Author Topic: Argentina's SLV development  (Read 78272 times)

Offline baldusi

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Re: Argentina's SLV development
« Reply #40 on: 12/06/2013 02:24 PM »
New interviews:

Part 1


Part 2


Interesting tidbits:
VEX is the experiments and will be launched from Pipinas, Punta de Indio. They expect to launch four times.

The Tronador II will have a complex built right next to the Navy's Puerto Belgrano Base.
Note from me: The Navy is ceding the plot, but they'll use some range and safety infrastructure from the launch base. The ideal position that they wanted was 50 km south of Pinamar, but since they have planned an hipergolic propellent plant, the EIS didn't pass. Further north was too populated, and the base was the only place where they could get the EIS approved. It's a former range, if I'm not mistaken.
Everything is being developed from scratch.
All the complex design are preliminary.
Rocket and fuel will be produced on site (apparently)


Offline baldusi

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Re: Argentina's SLV development
« Reply #41 on: 12/09/2013 01:05 PM »
And they have finally revealed that the first stage (at least, I suspect first and second) will use RP-1/LOX. The local oil company (YPF) will be producing the kerosene.
Here is the article of the local news paper.
According to  Eduardo Taraba, chief of construction at Barerias and CONAE official, the whole complex will have four main building areas that will be connected by a road. The whole complex will hold, in 30Ha, the rocket manufacturing plant, rocket and engine test stand, payload integration building, horizontal integration facility and launch pad (incl. control center) near Pehuen Co, plus other civil buildings.
According to  José Manuel Aspigueta, a CONAE chemist, the hypergolic propellant plant is being studied to be installed near Coronel Rosales (very close by) or in Ensenada (some 50km south of Buenos Aires City) and transported to the launch pad. Upto now, hipergolic fuel and associated processes was developed in Falda del Carme, Córdoba Province (and former place of the Condor II project).
« Last Edit: 12/09/2013 01:06 PM by baldusi »

Offline lbiderman

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Re: Argentina's SLV development
« Reply #42 on: 12/19/2013 12:55 PM »
And they have finally revealed that the first stage (at least, I suspect first and second) will use RP-1/LOX. The local oil company (YPF) will be producing the kerosene.
Here is the article of the local news paper.
According to  Eduardo Taraba, chief of construction at Barerias and CONAE official, the whole complex will have four main building areas that will be connected by a road. The whole complex will hold, in 30Ha, the rocket manufacturing plant, rocket and engine test stand, payload integration building, horizontal integration facility and launch pad (incl. control center) near Pehuen Co, plus other civil buildings.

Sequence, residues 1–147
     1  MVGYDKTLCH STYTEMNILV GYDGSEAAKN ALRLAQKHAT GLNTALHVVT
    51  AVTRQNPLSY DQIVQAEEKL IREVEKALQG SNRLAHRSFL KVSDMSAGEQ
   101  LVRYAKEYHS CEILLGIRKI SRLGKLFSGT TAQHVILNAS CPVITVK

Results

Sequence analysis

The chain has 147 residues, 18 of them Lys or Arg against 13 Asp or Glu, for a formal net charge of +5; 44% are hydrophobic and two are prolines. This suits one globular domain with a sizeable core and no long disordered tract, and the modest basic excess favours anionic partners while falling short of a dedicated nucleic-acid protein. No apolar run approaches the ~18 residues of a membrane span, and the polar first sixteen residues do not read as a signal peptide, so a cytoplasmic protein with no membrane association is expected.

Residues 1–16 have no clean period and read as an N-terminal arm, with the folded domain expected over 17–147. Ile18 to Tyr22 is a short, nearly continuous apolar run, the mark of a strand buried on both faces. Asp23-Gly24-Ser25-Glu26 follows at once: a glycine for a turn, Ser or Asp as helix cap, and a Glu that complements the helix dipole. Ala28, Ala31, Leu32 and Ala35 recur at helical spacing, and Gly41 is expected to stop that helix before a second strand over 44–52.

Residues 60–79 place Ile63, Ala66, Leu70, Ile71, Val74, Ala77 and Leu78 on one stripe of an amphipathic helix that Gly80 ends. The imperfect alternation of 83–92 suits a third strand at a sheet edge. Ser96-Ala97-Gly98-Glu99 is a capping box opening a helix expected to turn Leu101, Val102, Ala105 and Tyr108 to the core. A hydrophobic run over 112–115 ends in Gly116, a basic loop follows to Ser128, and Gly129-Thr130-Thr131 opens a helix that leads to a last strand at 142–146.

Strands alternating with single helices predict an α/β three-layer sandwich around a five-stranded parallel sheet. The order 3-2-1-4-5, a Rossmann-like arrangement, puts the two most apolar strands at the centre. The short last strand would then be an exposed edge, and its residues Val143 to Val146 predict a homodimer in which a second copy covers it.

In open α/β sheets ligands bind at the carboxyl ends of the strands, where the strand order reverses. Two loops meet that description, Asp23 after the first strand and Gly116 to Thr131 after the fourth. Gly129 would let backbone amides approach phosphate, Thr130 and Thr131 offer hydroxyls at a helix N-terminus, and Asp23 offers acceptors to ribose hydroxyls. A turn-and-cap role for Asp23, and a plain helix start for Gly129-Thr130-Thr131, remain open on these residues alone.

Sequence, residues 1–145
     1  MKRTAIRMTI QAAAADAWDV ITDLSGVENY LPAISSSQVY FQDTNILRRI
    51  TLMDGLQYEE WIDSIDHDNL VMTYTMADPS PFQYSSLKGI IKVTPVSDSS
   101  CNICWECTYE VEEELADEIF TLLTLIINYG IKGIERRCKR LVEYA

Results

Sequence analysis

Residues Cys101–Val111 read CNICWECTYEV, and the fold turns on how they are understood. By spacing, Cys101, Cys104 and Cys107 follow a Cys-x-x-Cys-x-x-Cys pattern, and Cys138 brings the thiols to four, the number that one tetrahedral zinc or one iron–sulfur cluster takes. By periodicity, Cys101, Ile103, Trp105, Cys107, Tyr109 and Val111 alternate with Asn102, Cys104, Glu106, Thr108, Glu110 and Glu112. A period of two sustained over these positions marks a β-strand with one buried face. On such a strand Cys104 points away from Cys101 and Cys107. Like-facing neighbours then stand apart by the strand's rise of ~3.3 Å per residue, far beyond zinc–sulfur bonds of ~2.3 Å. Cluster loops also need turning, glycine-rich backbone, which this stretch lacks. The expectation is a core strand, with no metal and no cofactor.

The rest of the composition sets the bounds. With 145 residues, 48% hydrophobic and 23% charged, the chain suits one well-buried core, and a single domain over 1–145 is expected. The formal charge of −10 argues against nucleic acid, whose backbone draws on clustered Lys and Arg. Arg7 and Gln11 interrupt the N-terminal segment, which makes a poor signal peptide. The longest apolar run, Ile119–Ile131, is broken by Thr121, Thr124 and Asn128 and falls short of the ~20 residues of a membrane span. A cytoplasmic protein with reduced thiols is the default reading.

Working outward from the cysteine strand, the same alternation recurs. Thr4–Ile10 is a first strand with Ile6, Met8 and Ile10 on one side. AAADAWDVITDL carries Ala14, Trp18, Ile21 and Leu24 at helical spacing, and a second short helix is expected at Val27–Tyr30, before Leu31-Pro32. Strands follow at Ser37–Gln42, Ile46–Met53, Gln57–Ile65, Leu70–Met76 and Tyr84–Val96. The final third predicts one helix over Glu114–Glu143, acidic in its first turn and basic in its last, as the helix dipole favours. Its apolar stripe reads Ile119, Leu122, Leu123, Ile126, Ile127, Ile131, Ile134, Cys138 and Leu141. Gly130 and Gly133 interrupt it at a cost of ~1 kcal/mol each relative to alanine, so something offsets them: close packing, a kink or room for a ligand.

According to  José Manuel Aspigueta, a CONAE chemist, the hypergolic propellant plant is being studied to be installed near Coronel Rosales (very close by) or in Ensenada (some 50km south of Buenos Aires City) and transported to the launch pad. Upto now, hipergolic fuel and associated processes was developed in Falda del Carme, Córdoba Province (and former place of the Condor II project).

What's our local expertise on handling kerolox engines? As far as I know, none. Do we know if it's pressure-fed or turbopump-fed?
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Offline baldusi

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Re: Argentina's SLV development
« Reply #43 on: 12/20/2013 02:02 AM »
And they have finally revealed that the first stage (at least, I suspect first and second) will use RP-1/LOX. The local oil company (YPF) will be producing the kerosene.
Here is the article of the local news paper.
According to  Eduardo Taraba, chief of construction at Barerias and CONAE official, the whole complex will have four main building areas that will be connected by a road. The whole complex will hold, in 30Ha, the rocket manufacturing plant, rocket and engine test stand, payload integration building, horizontal integration facility and launch pad (incl. control center) near Pehuen Co, plus other civil buildings.